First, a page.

1897 
The original square clock turret was replaced in 1897 by a domed cupola. The Town Hall remained in the ownership of the Duke throughout the 19th century.



 1901 
Census
Town Hall was occupied by Thomas Hall 58, a Police Constable, his wife Grace 59, daughter Charlotte Whitehead 28, a Cotton Weaver, son Robert Hall 26, a Woodpulp Boiler in the Paper Works and grandson Leonard Whitehead 6.



 1904 


An photo from ’Glossop - A Sketch From The Earliest Period’ printed and published by Messrs. Jenkinson and Hamnett in 1904.



 1906 


Glossop town centre with electrified trams and decorative street lights. Town Hall is far left.



 1911 
Census
The Town Hall was recorded as a property with 3 main rooms occupied by Thomas Hall 68, the Town Hall Caretaker, his wife Grace Hall 69, married 44 years with 5 children (3 died). Also at this address was their grandson Leonard Hall Whithead 16, a Bleachworks Calenderer.



 1911 


King George V’s coronation was held on 22 June 1911. Photograph courtesy of Glossop Heritage Trust.



 1919 
The last Glossopian to perpetuate his name by donation to the town was Isaac Jackson who started as a saddler in Victoria Street. His later success led in 1919 to him buying the Town Hall and market rights from Lord Howard and presenting them to the people of Glossop in honour of the fallen of the town in the Great War.



 1920 


Centre is the Town Hall, the date is somewhere between 1912 and 1927, presuming the trams were still in operation and the glass and cast iron awning on the far right. Photograph courtesy of Glossop Heritage Trust.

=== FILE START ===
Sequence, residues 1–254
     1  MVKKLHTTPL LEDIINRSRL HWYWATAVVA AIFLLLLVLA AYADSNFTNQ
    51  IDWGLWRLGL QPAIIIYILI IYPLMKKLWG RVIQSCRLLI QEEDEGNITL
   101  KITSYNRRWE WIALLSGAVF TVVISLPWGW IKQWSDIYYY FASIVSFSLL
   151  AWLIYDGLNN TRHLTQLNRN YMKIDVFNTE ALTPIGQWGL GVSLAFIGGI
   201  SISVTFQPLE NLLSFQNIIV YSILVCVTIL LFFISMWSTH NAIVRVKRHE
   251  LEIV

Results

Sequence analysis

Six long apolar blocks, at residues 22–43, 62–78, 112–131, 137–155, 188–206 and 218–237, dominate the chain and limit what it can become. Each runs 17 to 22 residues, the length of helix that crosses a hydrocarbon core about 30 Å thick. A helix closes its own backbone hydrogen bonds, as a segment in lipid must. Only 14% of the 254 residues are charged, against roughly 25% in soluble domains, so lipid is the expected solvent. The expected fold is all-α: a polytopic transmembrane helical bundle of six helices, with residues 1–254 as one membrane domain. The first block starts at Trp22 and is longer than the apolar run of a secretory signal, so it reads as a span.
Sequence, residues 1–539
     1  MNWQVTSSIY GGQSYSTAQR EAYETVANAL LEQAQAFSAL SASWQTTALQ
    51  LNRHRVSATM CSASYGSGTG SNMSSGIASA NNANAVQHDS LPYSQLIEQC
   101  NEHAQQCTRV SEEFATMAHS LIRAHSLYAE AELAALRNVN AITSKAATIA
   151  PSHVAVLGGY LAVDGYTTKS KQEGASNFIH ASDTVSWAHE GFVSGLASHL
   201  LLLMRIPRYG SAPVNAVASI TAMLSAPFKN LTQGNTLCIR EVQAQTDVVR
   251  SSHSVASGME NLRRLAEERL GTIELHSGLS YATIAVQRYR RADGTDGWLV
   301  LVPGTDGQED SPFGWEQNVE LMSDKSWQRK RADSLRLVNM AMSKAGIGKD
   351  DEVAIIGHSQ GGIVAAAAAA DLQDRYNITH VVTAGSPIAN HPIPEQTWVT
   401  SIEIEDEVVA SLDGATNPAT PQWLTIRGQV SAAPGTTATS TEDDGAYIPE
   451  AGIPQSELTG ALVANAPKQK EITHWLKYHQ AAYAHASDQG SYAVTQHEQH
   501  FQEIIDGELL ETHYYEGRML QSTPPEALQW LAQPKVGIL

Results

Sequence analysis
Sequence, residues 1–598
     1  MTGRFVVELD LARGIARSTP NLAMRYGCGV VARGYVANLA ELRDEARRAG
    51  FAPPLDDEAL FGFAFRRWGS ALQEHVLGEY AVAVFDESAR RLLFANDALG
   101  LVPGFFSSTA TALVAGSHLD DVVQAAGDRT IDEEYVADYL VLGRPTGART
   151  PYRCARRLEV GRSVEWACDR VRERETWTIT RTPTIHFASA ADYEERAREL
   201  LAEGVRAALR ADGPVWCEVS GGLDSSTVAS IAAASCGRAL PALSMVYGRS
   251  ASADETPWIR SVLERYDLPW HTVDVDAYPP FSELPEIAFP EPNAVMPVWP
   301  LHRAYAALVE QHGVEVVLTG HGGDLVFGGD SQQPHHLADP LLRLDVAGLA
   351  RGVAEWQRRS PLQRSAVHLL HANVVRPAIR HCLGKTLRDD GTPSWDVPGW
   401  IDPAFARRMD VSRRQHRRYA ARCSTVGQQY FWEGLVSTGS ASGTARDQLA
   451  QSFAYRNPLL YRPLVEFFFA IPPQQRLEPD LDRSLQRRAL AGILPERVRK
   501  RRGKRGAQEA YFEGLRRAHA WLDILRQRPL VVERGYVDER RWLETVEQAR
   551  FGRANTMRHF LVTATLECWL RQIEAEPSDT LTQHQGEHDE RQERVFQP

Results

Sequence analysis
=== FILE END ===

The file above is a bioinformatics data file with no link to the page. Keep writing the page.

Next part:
1922 


We think the picture above is about 1922, the man on the right is James Whittaker, he and his work colleagues are working on the alterations to the Town Hall / Municipal Building. Photograph courtesy of James’ granddaughter Joan Verner and Ray Verner.



 1925 
Kelly’s Directory
Byrom Allen, market inspector, Town hall



 1925 
Kelly’sDirectory
Town Hall (Allen Byrom, caretaker), High street west



 1941 
Kelly’s Directory
Bowden Ernest, market inspector & caretaker, Town hall
Platt T. water inspector, Town hall, High st. west
Town Hall (Ernest Bowden, caretaker), High st. west



 1941 
Kelly’s Directory
Harris Nellie (Miss), fried fish dlr. 131 High st. west



 1950 


Photograph courtesy of Glossop Heritage Trust.



 1950 


Photograph courtesy of Glossop Heritage Trust.



 1958 
English Heritage Grade II Listed Building
Town hall, market hall and municipal buildings, 1838, 1845, 1897 and 1923. By Weightman and Hadfield for the 12th Duke of Norfolk. Ashlar millstone grit with ashlar dressings. Panelled stacks and slate roof.
STYLE: Classical.
PLAN: T-plan.